Music review: Jacaranda and America at First Presbyterian Church in Santa Monica
Jacaranda, the Santa Monica new music series, began its season over the weekend with “strong sincere voices nurtured while America was inventing itself afresh,” as wrote artistic director Patrick Scott in his detailed program notes. Such invention has, it appears, become harder in our choleric country with its widening rift between left and right, rich and poor, greed and giving, science and religion.
Music can be just as divisive. But Americans may, at least, still agree upon a common heritage of old hymns, popular songs and spirituals. American composers –- populist or classical, conventional or avant-garde -– have long used these natural musical resources the way inventive chefs deconstruct local ingredients to come up with new tastes based on the old.
Charles Ives showed the way, and Sunday at First Presbyterian Church of Santa Monica, Jacaranda turned to this first great American original in 12 short numbers, written between 1897 and 1934. Songs, solo piano pieces and strange ensemble works were given illuminating performances by soprano Elissa Johnston, pianist Scott Dunn and a chamber orchestra conducted by Jacaranda music director Mark Alan Hilt.
Ives loved the past yet fought for a better future. The composer was by day an idealistic businessman who helped create the insurance industry. At night, Ives wrote music that honored nostalgia and chaos. He retained a place for innocence and one for progress.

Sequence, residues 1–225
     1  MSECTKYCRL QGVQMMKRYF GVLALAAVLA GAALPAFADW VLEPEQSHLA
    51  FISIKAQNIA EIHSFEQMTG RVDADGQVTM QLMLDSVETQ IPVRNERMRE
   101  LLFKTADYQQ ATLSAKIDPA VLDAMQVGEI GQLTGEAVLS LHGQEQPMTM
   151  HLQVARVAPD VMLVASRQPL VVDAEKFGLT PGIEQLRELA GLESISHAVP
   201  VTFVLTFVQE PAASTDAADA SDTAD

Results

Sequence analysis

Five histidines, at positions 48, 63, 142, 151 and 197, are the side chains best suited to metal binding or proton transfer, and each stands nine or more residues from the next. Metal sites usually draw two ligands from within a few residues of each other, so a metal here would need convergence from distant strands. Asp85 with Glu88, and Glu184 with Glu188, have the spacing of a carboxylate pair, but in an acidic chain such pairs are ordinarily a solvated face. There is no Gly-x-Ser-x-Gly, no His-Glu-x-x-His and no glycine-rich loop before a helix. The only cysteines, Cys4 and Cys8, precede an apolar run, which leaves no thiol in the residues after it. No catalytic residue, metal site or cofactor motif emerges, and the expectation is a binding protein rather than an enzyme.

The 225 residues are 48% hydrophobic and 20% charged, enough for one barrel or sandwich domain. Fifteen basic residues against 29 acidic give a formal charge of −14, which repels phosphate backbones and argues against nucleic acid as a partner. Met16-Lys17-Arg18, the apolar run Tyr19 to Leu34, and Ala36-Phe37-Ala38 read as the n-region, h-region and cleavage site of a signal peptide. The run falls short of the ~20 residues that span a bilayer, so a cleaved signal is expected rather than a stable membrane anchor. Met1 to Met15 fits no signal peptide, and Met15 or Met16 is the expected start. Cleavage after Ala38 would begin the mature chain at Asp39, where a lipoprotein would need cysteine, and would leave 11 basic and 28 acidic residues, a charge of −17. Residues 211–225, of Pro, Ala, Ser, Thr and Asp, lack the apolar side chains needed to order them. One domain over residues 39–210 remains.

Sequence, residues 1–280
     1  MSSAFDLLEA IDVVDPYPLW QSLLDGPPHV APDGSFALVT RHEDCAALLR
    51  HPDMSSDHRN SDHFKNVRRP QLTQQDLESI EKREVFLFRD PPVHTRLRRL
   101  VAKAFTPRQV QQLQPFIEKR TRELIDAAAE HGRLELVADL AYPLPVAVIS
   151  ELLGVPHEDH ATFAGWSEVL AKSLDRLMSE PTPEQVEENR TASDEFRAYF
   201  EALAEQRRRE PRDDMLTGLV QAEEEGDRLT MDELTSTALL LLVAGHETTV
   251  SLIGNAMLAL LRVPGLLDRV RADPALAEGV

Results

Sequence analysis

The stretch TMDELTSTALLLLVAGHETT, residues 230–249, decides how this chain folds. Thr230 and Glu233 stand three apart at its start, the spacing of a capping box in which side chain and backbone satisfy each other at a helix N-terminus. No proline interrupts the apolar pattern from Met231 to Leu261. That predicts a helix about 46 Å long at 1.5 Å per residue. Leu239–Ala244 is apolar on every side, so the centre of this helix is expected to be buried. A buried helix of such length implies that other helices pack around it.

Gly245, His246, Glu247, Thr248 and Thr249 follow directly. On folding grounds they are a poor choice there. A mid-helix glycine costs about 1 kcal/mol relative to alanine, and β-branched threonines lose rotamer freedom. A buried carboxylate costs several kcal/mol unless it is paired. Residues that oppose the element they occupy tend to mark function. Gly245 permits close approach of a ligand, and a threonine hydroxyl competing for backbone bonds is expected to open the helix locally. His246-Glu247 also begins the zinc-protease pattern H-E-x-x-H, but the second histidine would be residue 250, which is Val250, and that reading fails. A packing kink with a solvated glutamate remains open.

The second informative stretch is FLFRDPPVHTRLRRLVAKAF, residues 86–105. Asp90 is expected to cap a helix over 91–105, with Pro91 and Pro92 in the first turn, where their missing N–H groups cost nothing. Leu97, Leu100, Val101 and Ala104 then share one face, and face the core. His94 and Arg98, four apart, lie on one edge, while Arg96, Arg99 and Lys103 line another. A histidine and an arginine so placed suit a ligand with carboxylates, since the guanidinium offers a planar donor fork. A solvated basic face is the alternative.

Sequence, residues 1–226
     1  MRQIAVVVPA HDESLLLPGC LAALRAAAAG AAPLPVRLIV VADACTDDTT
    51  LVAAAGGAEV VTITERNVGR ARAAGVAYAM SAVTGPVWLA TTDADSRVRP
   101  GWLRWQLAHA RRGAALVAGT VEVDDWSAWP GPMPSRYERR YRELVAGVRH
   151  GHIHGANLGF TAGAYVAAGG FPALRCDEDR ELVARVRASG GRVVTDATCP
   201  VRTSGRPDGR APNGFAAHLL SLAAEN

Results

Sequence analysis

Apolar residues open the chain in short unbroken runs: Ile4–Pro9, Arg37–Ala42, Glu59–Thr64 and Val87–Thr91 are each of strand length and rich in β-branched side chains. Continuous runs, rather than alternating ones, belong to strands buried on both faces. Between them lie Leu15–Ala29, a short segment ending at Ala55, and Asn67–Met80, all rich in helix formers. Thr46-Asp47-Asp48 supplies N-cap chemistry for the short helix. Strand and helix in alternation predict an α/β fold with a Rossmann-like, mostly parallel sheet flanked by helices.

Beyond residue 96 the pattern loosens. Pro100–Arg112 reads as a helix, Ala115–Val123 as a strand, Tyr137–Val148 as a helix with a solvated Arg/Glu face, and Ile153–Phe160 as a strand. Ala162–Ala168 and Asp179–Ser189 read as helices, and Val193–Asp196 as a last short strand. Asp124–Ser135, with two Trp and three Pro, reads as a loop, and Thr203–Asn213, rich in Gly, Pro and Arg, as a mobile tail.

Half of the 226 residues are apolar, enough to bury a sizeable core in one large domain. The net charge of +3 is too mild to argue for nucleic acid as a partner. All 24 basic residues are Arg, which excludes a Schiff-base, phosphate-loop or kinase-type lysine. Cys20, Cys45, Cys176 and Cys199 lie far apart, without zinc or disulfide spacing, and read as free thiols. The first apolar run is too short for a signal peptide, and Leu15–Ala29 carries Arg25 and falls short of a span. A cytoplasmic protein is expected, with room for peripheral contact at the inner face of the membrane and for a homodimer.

The set included Ives the serious (the song “Like a Sick Eagle” with its uneasy microtones); Ives the riotous (“Impression of ‘St Gaudens’ Boston Common," a piano predecessor of the first of “Three Places in New England” and also unpublished); Ives the radical (the fabulously clangorous “From the Steeples to the Mountains”); Ives the wistful (“Serenity”); Ives the outspoken (“Gyp the Blood or Hearst? Which Is Worst?”). And my favorite Ives: the mystical. A goose-bump-raising performance of “The Unanswered Question” featured ethereal strings in the lobby behind closed glass doors, a hidden solo trumpet and chattering woodwinds on stage.
After intermission, pianist Mikhail Korzhev brilliantly turned to Ernst Krenek’s startling, little-known “George Washington Variations,” written in 1950 by the Austrian composer who emigrated to Southern California. Krenek took an 18th century military march through a set of variations that get increasingly complex, in a way that anticipates the pieces of such contemporary American left-wing modernists as Frederic Rzewski and Christian Wolff.
The Denali Quartet then offered the world premiere of Ben Johnston’s “Revised Standards.” Johnston, who is 84 and a master of microtones, began his string quartet in the '80s but put it aside until recently. The first movement is based on Gershwin’s “How Long Has This Been Going On?” and Richard Rodgers’ “Little Girl Blue.” The middle movement is a set for Billie Holiday. The final movement concentrates on Cole Porter’s “I Concentrate on You.”
Familiar strains come in and out of focus as if filtered through a pleasant dream. Strange harmonies in the second violin and viola alluringly distort the image of old songs. In the Billie Holiday movement, blues tones and microtones are shown to be the same, magical thing.
The evening ended with nostalgia not -- as in Ives, Krenek or Johnston -- tempered. Samuel Barber’s “Knoxville: Summer of 1915,” for soprano and ensemble, is loved by some. But James Agee’s self-involved text and Barber’s sentimental score (written in 1946 as America emerged from war) was never helpful for reinvention. There are no evolving old songs here, just old music. Elissa Johnston’s performance was committed, but it was the rest of a long, meaningful concert that mattered.
-- Mark Swed
Photos: Jacaranda music director Mark Alan Hilt conducting Sunday at First Pres Santa Monica; Soprano Elissa Johnston with pianist Scott Dunn. Credit: Jay L. Clendenin/Los Angeles Times.